An Untamed State: Roxane Gay


Roxane Gay’s An Untamed State follows the heartbreaking story of a woman kidnapped and held in captivity for 13 days in Port-au-Prince, Haiti.

An Untamed State, Roxane Gay

Mireille is the youngest Haitian-American daughter of a wealthy Haitian family. While on vacation to her family’s homeland with her husband, Michael, and child, Christophe, Mireille is snatched from the car her husband is driving to the beach and locked in a cage.

This is normal in Haiti – kidnapping a wealthy person, demanding a ransom, having that ransom paid, and then releasing the prisoner. Unfortunately for Mireille, her father is not the average wealthy Haitian. Having built his success in America, Mireille’s father has a chip on his shoulder, is prideful to a fault. He refuses to pay the ransom, worrying about how giving in too easily to these criminals will affect the rest of his family’s safety.

And so, Mireille waits. For what? Her father to come to his senses? Her captors to have mercy, even though she does not ask for it? She remains strong, through the abuse that is rained upon her during those 13 days; though she has no idea when or if she’ll ever be set free. When she is set free, how can she ever escape what has been done to her in that cage in Haiti?

Content Warnings

Please take caution when reading An Untamed State if any of the following topics may trigger you:

  • Sexual assault
  • Abuse
  • Violence
  • Kidnapping / abduction
  • Pregnancy / childbirth
  • Miscarriage
  • Blood
  • Mental illness
  • Classism

My Thoughts

An Untamed State is wildly beautiful and striking. This novel is unlike any fiction I’ve read because Gay’s writing is so precise, practical, and piercing (forgive my alliteration). She writes without flowery descriptions and distractions, leaving nothing for the reader to focus on but the truth of the scene.

A prevalent theme throughout the novel is identity and nationality – Mireille’s parents immigrated from Haiti to America and painstakingly built a life for their future family. Their children were born in America but spent every summer in Haiti, and so Mireille feels a strong attachment to her parents’ homeland. As her relationship with Michael progresses, she frets about whether he will love it as much as her, or if he will only see the extreme poverty and its stark contrast with the way her wealthy family lives.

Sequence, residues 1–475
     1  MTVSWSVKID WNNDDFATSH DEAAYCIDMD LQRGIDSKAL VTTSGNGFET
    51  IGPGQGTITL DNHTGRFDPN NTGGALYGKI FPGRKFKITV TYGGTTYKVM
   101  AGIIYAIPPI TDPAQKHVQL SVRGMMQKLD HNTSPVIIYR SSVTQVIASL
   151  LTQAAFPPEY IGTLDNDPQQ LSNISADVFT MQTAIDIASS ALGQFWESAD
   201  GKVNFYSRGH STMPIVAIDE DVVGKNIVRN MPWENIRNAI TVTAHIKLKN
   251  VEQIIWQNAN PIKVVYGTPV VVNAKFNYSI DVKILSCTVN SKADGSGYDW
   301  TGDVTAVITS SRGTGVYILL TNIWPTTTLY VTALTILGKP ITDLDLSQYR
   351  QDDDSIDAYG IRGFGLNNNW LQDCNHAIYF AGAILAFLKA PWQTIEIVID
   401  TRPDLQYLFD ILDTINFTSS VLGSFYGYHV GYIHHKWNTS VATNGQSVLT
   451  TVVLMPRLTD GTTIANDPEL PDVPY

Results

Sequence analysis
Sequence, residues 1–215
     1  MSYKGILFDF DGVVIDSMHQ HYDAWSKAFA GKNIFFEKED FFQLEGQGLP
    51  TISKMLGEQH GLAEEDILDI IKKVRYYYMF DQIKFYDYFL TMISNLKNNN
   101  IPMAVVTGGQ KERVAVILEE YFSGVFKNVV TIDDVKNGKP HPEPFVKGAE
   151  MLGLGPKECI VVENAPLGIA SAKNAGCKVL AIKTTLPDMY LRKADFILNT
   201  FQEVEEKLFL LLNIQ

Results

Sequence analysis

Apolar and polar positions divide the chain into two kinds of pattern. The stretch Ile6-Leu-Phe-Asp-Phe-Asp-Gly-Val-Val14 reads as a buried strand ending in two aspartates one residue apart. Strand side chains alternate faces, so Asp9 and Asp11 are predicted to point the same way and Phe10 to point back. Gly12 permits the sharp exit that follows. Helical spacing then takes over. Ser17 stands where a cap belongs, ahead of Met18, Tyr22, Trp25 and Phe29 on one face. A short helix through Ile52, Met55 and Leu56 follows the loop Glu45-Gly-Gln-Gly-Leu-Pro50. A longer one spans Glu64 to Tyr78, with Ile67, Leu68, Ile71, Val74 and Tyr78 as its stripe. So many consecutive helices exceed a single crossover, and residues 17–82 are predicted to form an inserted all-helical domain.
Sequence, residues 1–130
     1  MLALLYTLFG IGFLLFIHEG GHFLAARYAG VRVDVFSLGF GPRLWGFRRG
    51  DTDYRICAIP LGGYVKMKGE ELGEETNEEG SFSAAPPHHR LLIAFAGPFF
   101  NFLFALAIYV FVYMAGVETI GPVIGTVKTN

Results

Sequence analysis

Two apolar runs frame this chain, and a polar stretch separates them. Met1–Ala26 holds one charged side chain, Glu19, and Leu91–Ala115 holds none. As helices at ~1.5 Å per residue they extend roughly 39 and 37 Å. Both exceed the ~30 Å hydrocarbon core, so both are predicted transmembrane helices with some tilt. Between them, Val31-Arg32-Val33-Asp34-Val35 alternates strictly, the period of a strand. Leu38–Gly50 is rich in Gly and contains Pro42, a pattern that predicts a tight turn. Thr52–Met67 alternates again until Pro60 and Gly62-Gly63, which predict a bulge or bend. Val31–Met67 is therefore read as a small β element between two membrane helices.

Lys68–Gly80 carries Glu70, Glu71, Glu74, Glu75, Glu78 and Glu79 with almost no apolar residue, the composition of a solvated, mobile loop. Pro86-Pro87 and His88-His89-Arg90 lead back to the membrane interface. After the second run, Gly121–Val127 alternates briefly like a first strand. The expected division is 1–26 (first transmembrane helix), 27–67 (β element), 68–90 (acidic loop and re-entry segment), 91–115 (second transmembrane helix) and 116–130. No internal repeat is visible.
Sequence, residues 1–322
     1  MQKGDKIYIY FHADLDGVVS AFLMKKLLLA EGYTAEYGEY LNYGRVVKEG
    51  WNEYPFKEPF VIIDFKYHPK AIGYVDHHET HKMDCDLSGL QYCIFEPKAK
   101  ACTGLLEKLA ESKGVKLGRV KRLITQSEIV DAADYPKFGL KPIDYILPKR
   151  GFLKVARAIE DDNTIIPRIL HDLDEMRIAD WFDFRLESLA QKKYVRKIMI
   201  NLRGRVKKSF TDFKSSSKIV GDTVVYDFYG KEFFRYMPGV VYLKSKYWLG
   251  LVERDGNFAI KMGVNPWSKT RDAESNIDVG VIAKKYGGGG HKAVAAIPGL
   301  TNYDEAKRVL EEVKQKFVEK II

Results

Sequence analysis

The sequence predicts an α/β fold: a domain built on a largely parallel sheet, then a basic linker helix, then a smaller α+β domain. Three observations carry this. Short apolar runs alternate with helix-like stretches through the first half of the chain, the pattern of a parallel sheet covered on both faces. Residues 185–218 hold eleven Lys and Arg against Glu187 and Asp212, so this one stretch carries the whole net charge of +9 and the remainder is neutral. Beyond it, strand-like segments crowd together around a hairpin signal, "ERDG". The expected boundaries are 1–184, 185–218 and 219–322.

Mireille and Michael’s blossoming relationship is told in between scenes of violence as she is held in captivity. She reminisces on their early love, and how difficult it was for her to let herself be loved by another. Their story is beautiful and starkly contrasts the present situation Mireille is living.

Michael is white, but neither this nor any other obvious mention of race is found for over 100 pages. This is not something that’s at all important to Mireille – who has been very privileged in her life thanks to her father’s hard work and dedication to his family. How purposefully Gay chooses to discuss race is very unique. Yes, this novel is about race – Michael’s mother is skeptical of Mireille because of the color of her skin; Mireille’s father had to fight so hard every day to prove himself among the white Americans he worked with in his early days of success – and it’s also about economic inequality in Haiti, familial relationships and obligations, and the resiliency of women.

An Untamed State is one of the most touching and heartbreaking novels I’ve ever read. The subject matter is difficult in that Gay does not shy away from the specifics of Mireille’s abuse – and why should she? This happens in real life to real women in Haiti and other poverty-stricken nations. I highly recommend An Untamed State for its beautiful writing and exceedingly interesting and important themes and subject matter.

Thank you so much for taking the time to read my thoughts on An Untamed State. I’d love to hear your thoughts on the novel in the comments or at my Instagram, @bookmarkedbya!

Leave a Reply

Fill in your details below or click an icon to log in: Logo

You are commenting using your account. Log Out /  Change )

Google photo

You are commenting using your Google account. Log Out /  Change )

Twitter picture

You are commenting using your Twitter account. Log Out /  Change )

Facebook photo

You are commenting using your Facebook account. Log Out /  Change )

Connecting to %s